WASHINGTON - Publisher Hachette and Amazon ended Thursday an acrimonious feud over online book sales that highlighted Amazon's market dominance and fuelled protests from leading authors like John Grisham and Stephen King.
After six months in which Amazon clamped down on sales of Hachette Publishing Group books on its website, the two announced a multi-year agreement on ebook and print book sales in the US market.
The spat over who sets retail prices for online sales, especially ebooks, had outraged Hachette authors who saw their book sales sink after Amazon leveraged its power as the largest book retailer in the United States.
The two said in a statement that the deal, which came just as the holiday shopping season was opening, would be a plus for both authors and readers.
" Amazon and Hachette will immediately resume normal trading, and Hachette books will be prominently featured in promotions," they said in a statement.
Their fight raised issues over Amazon's overwhelming pricing power in the market vis-a-vis both publishers and readers, with the company facing protests not only in the United States but in Europe as well.
But it also brought a focus on the portion of the retail price that goes to the authors and how that is decided by publishers.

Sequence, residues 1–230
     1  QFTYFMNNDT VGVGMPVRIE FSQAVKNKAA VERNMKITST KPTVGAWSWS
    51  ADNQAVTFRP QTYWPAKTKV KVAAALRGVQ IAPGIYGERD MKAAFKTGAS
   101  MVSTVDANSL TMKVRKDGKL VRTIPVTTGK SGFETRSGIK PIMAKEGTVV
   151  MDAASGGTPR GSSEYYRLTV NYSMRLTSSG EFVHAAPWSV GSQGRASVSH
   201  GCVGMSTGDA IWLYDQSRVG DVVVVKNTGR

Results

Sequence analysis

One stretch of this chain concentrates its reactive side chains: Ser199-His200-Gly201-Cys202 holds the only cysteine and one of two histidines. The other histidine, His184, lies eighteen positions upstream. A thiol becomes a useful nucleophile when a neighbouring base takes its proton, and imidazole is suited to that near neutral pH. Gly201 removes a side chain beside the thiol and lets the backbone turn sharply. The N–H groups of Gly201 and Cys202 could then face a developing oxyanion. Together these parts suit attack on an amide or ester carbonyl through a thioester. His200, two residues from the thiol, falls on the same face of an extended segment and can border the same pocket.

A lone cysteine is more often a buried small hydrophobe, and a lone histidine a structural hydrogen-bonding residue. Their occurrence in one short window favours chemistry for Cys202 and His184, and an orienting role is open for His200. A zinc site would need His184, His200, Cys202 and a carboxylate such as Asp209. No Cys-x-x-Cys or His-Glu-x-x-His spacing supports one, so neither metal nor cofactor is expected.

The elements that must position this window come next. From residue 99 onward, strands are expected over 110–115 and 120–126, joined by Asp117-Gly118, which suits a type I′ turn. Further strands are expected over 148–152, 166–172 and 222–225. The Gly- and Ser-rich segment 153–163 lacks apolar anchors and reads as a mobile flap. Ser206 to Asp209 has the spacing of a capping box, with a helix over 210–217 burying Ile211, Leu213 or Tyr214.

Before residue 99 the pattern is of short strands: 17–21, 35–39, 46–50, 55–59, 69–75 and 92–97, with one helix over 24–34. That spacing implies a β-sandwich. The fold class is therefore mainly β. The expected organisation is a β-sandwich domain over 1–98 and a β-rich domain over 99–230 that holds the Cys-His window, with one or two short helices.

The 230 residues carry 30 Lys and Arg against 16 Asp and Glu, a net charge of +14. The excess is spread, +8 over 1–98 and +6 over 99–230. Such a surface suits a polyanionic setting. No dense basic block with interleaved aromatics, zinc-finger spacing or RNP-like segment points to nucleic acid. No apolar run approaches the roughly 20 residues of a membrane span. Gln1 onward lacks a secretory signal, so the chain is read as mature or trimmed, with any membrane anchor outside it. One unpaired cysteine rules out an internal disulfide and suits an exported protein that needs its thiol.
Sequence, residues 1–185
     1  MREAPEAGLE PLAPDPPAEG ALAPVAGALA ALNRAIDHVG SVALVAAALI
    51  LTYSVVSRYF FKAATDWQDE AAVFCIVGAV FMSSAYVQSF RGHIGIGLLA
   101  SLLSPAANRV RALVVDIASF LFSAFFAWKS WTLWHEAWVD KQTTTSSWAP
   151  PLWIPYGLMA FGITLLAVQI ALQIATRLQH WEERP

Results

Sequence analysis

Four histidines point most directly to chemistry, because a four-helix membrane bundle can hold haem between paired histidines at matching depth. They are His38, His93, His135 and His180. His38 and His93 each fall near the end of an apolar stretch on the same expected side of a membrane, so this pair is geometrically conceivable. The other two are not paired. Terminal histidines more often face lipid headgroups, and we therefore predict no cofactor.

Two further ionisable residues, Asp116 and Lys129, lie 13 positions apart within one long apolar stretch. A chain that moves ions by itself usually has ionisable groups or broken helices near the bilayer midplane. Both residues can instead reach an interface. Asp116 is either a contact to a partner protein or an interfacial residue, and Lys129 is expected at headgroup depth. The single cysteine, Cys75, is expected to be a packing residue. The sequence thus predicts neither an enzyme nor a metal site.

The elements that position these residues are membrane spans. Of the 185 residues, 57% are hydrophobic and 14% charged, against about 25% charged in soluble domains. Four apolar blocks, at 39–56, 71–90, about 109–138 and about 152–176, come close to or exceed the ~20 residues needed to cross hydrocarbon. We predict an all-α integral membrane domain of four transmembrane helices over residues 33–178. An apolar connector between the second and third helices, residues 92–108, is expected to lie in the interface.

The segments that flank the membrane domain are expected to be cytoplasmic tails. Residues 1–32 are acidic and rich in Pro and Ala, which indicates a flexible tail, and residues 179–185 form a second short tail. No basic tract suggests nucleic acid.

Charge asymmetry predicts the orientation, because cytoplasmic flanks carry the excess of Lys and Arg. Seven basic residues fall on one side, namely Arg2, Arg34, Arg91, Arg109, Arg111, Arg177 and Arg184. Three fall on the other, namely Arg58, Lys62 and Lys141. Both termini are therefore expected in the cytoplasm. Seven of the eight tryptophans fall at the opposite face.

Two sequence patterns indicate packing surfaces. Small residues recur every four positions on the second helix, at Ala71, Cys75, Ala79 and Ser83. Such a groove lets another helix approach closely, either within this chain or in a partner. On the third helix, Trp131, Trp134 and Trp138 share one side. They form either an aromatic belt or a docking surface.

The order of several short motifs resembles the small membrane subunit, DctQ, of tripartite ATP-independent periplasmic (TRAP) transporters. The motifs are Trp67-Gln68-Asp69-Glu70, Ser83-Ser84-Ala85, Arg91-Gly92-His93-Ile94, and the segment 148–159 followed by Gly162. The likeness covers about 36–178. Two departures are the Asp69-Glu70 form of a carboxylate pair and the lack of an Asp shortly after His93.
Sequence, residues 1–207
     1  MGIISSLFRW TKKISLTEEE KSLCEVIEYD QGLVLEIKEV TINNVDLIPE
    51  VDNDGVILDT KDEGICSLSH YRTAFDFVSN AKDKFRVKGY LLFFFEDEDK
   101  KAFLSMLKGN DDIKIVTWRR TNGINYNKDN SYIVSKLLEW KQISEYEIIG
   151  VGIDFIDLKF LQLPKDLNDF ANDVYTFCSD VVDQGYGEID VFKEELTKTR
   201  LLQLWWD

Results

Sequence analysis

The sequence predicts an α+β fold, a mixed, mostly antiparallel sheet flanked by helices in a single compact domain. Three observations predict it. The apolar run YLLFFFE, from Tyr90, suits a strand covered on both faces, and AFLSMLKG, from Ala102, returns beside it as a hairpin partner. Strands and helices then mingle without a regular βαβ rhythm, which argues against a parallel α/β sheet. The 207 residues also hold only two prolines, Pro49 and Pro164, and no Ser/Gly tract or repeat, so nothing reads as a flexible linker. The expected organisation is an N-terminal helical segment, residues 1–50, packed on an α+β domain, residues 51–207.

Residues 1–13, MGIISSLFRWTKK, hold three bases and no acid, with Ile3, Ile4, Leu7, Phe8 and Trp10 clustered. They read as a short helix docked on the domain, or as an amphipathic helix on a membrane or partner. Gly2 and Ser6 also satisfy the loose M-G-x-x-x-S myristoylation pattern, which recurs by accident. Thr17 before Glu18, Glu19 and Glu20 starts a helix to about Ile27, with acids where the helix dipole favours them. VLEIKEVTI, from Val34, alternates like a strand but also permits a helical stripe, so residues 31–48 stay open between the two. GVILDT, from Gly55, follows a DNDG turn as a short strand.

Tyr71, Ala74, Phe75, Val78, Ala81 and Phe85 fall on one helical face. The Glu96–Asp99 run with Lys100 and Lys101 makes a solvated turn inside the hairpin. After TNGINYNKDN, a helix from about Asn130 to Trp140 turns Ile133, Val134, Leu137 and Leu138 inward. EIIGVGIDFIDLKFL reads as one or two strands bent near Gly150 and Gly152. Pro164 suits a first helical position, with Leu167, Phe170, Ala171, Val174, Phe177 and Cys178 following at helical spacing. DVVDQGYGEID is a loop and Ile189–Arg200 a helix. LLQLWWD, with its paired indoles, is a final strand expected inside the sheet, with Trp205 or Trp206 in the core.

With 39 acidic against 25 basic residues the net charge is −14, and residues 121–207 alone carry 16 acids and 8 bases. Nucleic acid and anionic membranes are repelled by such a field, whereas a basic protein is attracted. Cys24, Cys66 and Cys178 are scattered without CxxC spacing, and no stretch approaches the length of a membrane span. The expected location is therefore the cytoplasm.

At one point, more than 900 authors, many of them perennial producers of best-sellers, signed a letter urging the two to settle the battle.
And popular comedian Stephen Colbert, a Hachette author, used his late-night television show to call for a boycott of Amazon, quipping that "Because of Amazon's scorched-earth tactics, more people are getting screwed than in 'Fifty Shades of Grey.'"
Such criticisms were effective in steering some book buyers to other online distributors as well as physical stores, though the size of that shift is not clear.
Amazon reported a higher loss in third-quarter earnings in October, but that was blamed mainly on the cost of promoting new products as well as its fight to retain market share based on low pricing.